PaxEx odds and ends: BA brings pain and Ethiopian 767 no longer plain


Just because you know something is coming doesn’t make it hurt any less when it actually arrives. We have known for nearly a year that British Airways has been planning to densify select Boeing 777 aircraft, and last week the airline loaded into its schedule the first batch of flights featuring the new space efficient 3-4-3 layout, becoming the latest airline to move to the high-density layout.

The 777s receiving the densification work are based at London Gatwick, the airline’s leisure destination hub. Flights with the new configuration begin on 7 May 2018, primarily on routes to Florida and the Caribbean, with the once-daily service to New York’s JFK Airport starting in July.

It’s not all bad news, however. While the World Traveler cabin may be going from 9- to 10-abreast, the aircraft should be receiving a much needed interior overhaul, seeing a new inflight entertainment system installed and electronic device charging capabilities added.

At the same time, however, BA has been under fire from passengers who believe its overall service is on the decline internationally and on short-haul. To wit, in January the carrier changed its onboard product to a chargeable model – effectively going full Ryanair with a buy-on-board program.

Notes BA frequent flyer Stefan Paetow, “I fly with British Airways for a simple reason: generally excellent customer service on board and generally a good onboard product (for economy). This change stresses out the cabin crews who are already under pressure to get everything done as quickly as possible; it stresses out the passengers (who want something to drink and have to wait for 100 others ahead of them to make their choices and pay for them), and this quite frankly stresses the relationship the airline has with its passengers.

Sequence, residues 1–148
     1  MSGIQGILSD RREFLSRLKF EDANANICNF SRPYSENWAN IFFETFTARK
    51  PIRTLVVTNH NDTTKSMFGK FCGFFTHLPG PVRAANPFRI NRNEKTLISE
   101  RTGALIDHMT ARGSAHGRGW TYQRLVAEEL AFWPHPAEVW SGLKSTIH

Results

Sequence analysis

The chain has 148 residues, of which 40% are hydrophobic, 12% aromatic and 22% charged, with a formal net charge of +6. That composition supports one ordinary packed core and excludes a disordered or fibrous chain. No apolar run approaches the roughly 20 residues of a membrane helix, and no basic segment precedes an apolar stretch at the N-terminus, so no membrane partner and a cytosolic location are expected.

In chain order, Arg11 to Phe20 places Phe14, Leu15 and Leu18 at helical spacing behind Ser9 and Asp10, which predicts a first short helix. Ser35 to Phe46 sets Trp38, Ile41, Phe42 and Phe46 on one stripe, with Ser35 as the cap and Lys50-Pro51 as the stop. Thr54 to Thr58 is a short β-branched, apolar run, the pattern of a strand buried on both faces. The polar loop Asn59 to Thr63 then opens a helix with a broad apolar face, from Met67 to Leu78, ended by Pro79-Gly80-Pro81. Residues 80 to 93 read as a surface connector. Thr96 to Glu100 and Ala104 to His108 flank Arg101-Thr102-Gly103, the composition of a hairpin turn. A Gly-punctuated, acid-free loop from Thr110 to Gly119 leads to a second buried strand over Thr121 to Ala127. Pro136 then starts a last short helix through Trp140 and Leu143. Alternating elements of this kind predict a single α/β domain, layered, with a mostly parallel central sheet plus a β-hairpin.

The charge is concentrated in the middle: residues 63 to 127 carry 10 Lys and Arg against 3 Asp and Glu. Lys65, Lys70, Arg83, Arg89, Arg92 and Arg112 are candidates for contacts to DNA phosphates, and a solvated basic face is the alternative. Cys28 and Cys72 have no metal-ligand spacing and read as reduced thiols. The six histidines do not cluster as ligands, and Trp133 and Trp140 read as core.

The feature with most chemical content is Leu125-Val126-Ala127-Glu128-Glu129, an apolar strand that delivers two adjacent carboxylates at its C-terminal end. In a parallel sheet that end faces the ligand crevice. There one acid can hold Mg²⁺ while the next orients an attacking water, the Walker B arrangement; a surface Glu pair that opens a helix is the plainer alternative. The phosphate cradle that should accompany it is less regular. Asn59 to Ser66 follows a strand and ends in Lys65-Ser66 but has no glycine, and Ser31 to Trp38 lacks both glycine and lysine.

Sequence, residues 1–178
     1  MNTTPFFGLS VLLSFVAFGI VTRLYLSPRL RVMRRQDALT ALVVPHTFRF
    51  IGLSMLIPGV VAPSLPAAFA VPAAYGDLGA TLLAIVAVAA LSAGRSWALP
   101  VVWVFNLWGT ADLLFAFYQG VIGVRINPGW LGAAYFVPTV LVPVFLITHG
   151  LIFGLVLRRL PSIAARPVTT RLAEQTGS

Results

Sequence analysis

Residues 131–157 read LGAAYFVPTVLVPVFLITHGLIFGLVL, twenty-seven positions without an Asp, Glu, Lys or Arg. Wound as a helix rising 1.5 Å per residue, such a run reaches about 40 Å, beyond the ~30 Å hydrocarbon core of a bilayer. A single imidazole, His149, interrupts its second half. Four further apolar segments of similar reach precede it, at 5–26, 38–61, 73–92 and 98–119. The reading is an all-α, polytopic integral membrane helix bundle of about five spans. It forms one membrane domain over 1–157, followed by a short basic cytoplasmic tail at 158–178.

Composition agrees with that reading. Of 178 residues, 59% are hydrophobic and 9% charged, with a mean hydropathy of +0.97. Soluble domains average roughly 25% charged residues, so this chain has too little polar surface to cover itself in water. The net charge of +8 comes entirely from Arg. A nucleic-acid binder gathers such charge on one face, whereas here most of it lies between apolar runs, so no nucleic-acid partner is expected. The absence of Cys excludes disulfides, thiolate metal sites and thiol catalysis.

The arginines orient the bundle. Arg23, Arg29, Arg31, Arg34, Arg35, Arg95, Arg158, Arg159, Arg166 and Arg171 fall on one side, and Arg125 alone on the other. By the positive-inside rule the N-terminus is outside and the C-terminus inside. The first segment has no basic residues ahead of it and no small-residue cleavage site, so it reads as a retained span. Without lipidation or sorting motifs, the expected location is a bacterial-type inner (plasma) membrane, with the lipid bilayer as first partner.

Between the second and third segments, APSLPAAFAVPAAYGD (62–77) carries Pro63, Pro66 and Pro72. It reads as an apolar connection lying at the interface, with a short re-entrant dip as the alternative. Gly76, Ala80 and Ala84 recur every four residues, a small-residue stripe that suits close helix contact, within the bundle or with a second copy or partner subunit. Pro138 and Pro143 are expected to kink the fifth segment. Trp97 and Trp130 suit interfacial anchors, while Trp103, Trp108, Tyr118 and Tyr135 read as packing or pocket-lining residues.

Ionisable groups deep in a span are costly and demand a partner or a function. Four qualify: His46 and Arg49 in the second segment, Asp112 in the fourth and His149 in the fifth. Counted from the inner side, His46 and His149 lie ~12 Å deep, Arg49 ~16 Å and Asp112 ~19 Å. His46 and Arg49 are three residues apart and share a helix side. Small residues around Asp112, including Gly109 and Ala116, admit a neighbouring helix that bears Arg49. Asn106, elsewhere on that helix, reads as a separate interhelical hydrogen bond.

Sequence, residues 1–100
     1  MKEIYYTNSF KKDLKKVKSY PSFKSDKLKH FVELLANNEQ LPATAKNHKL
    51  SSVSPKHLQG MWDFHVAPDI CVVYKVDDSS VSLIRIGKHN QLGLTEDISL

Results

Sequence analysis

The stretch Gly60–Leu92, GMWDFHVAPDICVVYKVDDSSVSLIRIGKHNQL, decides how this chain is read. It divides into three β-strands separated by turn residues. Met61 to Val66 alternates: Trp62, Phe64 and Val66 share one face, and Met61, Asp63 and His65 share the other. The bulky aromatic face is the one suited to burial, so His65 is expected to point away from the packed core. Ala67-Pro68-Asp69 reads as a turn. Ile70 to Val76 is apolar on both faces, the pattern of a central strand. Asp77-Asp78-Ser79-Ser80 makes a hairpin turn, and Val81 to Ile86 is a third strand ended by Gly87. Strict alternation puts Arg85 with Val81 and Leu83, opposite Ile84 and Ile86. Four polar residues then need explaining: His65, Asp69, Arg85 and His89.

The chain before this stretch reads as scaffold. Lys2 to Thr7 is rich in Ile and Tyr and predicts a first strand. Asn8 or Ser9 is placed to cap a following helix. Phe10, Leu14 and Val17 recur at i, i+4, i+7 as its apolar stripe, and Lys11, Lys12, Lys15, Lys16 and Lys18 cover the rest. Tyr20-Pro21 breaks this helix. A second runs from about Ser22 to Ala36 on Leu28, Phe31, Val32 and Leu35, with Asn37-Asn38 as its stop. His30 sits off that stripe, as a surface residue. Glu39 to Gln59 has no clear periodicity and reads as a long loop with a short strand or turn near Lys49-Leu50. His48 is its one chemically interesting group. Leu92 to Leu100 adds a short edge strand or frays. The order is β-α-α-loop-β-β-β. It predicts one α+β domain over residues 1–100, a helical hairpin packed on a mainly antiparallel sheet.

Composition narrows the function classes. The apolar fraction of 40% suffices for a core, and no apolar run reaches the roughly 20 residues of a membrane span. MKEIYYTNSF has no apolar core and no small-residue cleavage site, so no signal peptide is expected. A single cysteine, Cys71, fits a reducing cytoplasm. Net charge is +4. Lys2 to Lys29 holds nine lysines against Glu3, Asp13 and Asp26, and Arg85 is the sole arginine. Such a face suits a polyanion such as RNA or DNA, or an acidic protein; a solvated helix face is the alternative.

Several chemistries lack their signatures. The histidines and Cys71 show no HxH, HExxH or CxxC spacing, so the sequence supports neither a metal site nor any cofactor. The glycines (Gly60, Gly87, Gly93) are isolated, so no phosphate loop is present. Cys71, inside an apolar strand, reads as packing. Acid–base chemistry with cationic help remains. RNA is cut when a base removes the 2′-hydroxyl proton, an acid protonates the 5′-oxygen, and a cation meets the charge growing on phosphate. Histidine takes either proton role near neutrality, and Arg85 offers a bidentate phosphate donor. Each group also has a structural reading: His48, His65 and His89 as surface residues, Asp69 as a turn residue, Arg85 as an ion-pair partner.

“My advice to British Airways is to not take the passengers in short-haul economy for granted. Don’t insult them by treating them the way some low-cost carriers do. Because, if us economy passengers really wanted to be treated like that, we’d be flying one of those low-cost airlines, not British Airways.”

Ethiopian Airlines Overhauls 767 Fleet

In a rather surprising move, Ethiopian Airlines has begun a $6 million project to completely modernize the cabins of its aging Boeing 767-300ER fleet.

In Cloud Nine class, Ethiopian has removed its extremely dated cradle recliner seats and installed fully-flat bed seats in a 2-2-2 configuration. The airline has also installed new 17-inch entertainment screens, along with AC and USB charging ports.

In a share on LinkedIn, seatmaker Optimares reveals that it was involved in the Ethiopian refurbishment project, saying “Another mission accomplished for Optimares. More very exiting news to come.”

Optimares is gearing up to provide more details about its role in the Ethiopian refurb. Image: Ethiopian Airlines

The economy cabin also saw a refresh, gaining new seats, streaming entertainment, and a mix of AC power or USB power, depending on the specific row.

American Air Schedules First 737 MAX Flights

As American Airlines takes delivery of its new 737 MAX 8 aircraft, it will also take delivery of its first aircraft equipped with ViaSat high-speed wifi (note the signature satellite connectivity radome atop the fuselage).

Last weekend, American scheduled the first routes for the new MAX, operating between Miami and New York’s LaGuardia Airport starting 29 November.


The MAX will be equipped with ViaSat’s Gen-2 hardware from day one of operations, although the new ViaSat-2 satellite will not be ready for service just yet, instead relying on the existing ViaSat-1 satellite.

The addition of ViaSat service at American further fragments the airline’s wifi offering, which includes Gogo ATG, ATG-4 and 2Ku, as well as Panasonic Ku, and now ViaSat Ka. If nothing else, American will be among the most knowledgeable carriers in the world about connectivity options on offer, and how they perform.

Pricing for American’s ViaSat service has not yet been announced, but it is possible the airline might opt for a tiered plan similar to one Delta recently adopted for 2Ku.

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